Margaret Roberts

Factory 49, Sydney
3 – 13 December 2008

As a mathematician and an artist I am interested in the construction of projections and transformations between two and three dimensions. Of particular interest is the Möbius strip, a 2-dimensional (2-D) surface that twists in 3-dimensional (3-D) space. Margaret Roberts’s drawing, TURN, is a different form of spatial twist. Though always firmly grounded on a 2-D surface, it also spans 3-D space. TURN transforms the showroom of Factory 49, making it feel different by providing visitors with the opportunity to physically enter the space of a drawing. As the artist explains, the walls also transform the drawing by breaking it in one corner and causing it to bend back on itself in one direction, while splaying out on the floor in the other. This is the consequence of what she says is the drawing’s attempt to pivot and turn the right-angled wall-structure, and the wall’s inability to turn along with it. Unlike the clever Möbius strip, the success of the yellow drawing emerges out of its failure to achieve this impossible task.

The artist explains that although this makes the architecture appear inert in comparison with the energetic line, its participation frees the line from the responsibility of representation, instead encouraging its inherent eccentricity. TURN is thus a process-drawing that uses a system that can be made with any architecture. The starting point is arbitrary, but once begun, the interaction of lines with the 3-dimensionality of its subject and ground has a type of inevitability about it. In Factory 49 the template for the drawing is the two rectangular walls (one short, one long) that are constructed at right angles to each other and that normally provide the ‘hanging space’ of its showroom. The starting point is the centre of the shorter wall where it joins with the floor, and the angle of the turn is about 40 degrees in a clockwise direction. Once these are decided, the line rolls itself out according to the familiar recipe of representational drawing, with the additional ingredient of being life-sized.

Mathematically, TURN can be described in terms of transformations, projections and topology. The drawing can be seen as transforming space through the projection from one 3-D space to another 3-D space. In fact, ‘turn’, along with ‘slide’ (translation) and ‘flip’ (reflection), is a nickname for the mathematical transformation of rotation. However, the drawing is not a simple rotation. In terms of topology, the shape of the final drawing contrasts with its template. Topology, or rubber sheet geometry, is a geometry that preserves connectivity and closeness rather than shape and lengths, and the process used in TURN emphasises the latter. Though TURN follows the architecture of the showroom, the drawing produced is not topologically equivalent to the room as one might expect. This is because the edges that become the lines of the drawing, and that are connected in the original template are not all connected in the final drawing. The yellow line seems to have a mind of its own in the final shape that it generates.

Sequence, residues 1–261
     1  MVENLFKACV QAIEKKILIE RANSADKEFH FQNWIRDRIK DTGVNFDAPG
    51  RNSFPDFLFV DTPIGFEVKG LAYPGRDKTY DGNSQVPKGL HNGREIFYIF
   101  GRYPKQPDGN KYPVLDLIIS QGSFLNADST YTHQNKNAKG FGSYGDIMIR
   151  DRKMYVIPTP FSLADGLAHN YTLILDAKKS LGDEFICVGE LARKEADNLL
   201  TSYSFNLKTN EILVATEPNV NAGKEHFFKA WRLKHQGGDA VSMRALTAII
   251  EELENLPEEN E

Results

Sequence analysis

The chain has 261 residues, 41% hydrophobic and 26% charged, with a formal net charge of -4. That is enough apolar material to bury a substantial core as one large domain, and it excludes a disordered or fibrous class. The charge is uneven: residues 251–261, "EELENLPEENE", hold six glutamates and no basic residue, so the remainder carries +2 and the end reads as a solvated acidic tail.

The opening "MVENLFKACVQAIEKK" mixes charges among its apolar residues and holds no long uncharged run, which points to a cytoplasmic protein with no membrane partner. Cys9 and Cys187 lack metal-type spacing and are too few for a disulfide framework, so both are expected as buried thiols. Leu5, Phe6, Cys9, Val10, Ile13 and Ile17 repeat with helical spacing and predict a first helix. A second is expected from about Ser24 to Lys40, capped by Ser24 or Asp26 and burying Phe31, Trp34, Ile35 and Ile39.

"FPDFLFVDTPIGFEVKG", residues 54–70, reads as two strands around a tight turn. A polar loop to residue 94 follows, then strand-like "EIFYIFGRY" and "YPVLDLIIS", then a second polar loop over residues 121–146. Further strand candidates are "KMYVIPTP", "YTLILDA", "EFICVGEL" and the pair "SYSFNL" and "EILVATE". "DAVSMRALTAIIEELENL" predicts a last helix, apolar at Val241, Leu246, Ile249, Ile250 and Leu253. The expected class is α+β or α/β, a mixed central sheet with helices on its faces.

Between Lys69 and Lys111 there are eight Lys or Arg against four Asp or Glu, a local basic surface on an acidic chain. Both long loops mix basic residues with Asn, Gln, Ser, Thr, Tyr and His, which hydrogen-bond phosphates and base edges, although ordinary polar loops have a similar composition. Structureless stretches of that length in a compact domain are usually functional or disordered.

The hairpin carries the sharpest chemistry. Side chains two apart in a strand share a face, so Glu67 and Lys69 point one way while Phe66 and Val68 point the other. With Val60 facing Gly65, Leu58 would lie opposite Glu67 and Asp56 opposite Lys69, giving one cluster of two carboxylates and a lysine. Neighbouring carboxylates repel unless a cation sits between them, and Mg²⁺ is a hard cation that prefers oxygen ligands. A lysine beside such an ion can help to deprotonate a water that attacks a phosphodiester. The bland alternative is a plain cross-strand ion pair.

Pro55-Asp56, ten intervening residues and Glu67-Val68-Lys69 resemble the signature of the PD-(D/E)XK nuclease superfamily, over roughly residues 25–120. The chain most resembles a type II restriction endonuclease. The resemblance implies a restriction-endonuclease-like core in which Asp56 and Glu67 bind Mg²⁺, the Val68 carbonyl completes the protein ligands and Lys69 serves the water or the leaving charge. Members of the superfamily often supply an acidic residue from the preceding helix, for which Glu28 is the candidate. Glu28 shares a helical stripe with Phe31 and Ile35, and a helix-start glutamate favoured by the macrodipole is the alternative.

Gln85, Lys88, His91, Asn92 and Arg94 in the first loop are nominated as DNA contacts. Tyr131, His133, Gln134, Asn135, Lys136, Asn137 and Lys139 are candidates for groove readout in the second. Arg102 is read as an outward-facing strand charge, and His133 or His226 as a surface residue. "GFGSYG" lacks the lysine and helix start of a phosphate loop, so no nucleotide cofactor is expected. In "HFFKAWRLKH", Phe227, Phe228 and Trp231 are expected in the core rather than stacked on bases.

‘The line knows it is in the third dimension here’, the artist is overheard to say in describing the pathway of disturbed drawing—the precursor to TURN—in which the line slides under a post in the gallery to avoid being deflected. This applied to only one corner of disturbed drawing, however, where the artist claims the line needed to be ‘woken up’ to avoid running into the space of other artists in the same show. Otherwise, the artist explains, the line ‘didn’t know it was in 3 dimensions’. This is an approach that is reminiscent of Edwin A. Abbott’s Flatland: A Romance of Many Dimensions (1884), in which 2-D beings imagine what a world with an extra third dimension might be like. However, most of the time, the line is assuming that the world is flat. It is just that we see its ‘mistakes’ because we see how it bends over 3-dimensionality. The geometrical result is immediately engaging in its unexpected use of Factory 49.